Lessons for policy
In a recent paper (Fattouh and Mahadeva 2012), we built a small model of the oil market where financial speculators’ risk aversion and wealth are exogenous. We calibrate it to match the pre-2003 data and ask if, as a result of a fall in the risk aversion of financial speculators or a rise in the financial resources they can muster, we can expect a greater participation by purely financial investors and a higher oil price level.
The sizes of these shifts are considerable. We lower the risk appetite of financial players halfway towards making them completely indifferent to risk and raise their wealth by a considerable 25%. A control is provided by shifts in the physical layer of the oil market, such as a sudden expectation of a 5% more expansive net supply as could have occurred in 2006-8.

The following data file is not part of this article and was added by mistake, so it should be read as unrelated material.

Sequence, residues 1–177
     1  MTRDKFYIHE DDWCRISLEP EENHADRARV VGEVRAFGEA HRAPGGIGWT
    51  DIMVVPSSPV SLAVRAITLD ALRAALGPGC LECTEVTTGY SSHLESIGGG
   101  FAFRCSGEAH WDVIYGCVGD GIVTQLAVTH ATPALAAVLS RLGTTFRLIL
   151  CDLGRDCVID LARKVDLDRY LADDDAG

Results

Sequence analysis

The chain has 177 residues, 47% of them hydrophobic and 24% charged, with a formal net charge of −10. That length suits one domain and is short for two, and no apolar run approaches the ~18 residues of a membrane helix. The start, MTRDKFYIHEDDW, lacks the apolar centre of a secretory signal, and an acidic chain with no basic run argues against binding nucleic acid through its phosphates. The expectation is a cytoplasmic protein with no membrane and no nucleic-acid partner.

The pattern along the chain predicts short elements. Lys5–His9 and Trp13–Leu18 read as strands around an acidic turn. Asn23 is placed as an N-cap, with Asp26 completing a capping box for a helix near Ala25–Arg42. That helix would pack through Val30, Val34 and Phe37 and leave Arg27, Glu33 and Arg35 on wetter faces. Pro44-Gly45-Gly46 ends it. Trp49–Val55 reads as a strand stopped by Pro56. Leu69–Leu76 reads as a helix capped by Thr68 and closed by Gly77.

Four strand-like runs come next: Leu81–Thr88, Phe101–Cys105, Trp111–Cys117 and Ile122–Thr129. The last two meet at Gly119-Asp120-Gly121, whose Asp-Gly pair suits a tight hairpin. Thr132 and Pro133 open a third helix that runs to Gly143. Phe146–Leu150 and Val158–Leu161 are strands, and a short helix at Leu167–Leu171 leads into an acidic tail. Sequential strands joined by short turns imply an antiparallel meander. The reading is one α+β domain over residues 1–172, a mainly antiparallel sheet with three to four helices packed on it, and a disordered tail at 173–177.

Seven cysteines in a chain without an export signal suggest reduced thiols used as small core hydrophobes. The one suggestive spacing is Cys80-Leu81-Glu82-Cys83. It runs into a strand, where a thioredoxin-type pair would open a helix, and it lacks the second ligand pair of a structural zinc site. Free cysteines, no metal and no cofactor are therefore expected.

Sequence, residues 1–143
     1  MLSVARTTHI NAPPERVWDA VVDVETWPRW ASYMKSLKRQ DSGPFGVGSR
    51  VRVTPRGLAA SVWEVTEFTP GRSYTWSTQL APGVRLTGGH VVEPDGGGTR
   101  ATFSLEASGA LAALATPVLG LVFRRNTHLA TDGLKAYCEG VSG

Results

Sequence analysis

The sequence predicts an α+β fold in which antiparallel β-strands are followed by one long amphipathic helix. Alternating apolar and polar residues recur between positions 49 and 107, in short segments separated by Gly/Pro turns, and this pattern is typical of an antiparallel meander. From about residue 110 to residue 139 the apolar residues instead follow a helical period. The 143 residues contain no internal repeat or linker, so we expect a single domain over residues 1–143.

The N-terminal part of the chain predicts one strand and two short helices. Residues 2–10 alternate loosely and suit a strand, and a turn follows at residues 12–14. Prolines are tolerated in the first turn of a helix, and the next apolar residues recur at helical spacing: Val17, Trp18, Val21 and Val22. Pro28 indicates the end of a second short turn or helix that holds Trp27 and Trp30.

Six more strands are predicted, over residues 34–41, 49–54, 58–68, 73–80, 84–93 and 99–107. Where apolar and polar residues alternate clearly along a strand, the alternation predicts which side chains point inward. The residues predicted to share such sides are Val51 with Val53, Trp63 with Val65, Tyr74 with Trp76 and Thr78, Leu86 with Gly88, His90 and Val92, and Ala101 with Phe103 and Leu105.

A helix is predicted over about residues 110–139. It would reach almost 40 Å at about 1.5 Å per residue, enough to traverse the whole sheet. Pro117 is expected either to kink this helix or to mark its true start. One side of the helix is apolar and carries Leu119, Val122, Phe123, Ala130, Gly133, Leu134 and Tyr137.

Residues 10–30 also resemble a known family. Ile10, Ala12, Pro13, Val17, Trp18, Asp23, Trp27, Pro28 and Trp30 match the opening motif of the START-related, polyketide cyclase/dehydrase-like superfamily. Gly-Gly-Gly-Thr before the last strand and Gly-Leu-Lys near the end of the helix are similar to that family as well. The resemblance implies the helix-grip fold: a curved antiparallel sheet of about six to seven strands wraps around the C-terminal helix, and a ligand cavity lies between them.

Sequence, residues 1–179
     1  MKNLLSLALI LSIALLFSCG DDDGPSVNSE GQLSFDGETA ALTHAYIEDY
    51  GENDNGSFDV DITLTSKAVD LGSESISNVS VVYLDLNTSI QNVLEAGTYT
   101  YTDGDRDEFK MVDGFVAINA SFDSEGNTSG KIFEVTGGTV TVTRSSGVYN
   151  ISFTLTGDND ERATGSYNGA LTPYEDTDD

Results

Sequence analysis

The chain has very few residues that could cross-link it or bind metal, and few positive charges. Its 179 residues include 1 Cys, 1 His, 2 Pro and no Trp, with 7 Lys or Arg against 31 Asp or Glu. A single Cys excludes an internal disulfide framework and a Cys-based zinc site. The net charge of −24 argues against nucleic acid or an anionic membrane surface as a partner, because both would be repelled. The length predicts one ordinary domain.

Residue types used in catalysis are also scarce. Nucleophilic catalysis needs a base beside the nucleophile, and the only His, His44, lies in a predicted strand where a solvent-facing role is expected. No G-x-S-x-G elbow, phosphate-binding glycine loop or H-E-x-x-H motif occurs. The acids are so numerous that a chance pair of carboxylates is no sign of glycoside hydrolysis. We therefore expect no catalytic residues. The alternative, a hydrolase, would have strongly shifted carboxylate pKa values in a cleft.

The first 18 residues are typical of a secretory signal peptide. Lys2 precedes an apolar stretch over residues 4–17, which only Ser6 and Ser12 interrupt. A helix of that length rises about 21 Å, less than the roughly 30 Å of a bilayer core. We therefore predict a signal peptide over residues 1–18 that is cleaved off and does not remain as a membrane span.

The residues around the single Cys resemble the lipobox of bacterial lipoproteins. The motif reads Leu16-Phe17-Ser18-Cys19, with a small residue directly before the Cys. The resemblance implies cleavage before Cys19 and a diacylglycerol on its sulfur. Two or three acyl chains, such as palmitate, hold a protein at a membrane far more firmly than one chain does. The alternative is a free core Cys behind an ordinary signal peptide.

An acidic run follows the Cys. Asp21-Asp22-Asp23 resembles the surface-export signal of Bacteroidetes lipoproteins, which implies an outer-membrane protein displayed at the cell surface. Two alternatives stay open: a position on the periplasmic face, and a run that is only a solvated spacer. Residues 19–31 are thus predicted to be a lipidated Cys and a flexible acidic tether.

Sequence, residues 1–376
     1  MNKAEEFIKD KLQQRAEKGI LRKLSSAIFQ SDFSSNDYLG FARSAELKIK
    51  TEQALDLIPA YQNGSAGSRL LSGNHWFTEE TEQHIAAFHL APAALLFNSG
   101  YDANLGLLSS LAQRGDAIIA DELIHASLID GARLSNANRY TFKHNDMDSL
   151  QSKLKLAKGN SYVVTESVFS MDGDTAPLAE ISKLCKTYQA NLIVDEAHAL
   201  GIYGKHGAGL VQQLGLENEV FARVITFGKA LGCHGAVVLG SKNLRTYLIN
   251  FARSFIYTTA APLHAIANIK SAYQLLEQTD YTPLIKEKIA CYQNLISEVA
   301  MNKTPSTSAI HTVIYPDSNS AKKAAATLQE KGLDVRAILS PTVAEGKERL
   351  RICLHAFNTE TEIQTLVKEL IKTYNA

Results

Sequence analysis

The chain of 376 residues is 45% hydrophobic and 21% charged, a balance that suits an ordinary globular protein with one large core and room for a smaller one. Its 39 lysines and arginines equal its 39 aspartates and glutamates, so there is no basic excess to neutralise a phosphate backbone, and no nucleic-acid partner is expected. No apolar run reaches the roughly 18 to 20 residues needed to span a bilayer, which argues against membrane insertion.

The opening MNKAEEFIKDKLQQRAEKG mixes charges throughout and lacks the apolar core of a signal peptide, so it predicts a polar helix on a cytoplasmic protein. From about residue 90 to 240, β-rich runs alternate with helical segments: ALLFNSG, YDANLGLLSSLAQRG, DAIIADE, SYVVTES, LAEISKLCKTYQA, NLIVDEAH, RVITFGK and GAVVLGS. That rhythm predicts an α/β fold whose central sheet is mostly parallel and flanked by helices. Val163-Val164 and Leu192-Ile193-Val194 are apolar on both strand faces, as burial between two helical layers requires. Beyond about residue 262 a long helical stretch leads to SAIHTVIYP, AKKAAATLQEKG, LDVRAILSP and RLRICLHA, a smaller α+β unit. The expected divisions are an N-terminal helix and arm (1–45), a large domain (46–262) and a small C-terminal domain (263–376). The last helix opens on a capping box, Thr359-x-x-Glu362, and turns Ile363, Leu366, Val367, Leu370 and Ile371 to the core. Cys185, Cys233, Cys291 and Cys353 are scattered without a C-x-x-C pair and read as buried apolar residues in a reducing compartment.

Figure 2 describes one of our results. Even large changes in financial players’ incentives— shown in the first two sets of columns — are not predicted, by themselves, to have led to more than a small rise in financial player’s futures positions. And they are predicted to imply only small rises in the current spot level.
On the other hand, as the right-hand side of Figure 2 shows, an expected 5% loosening of net supply leads to a large fall in financial participation. This suggests that the fall in participation in 2008 may have been the result of an anticipation
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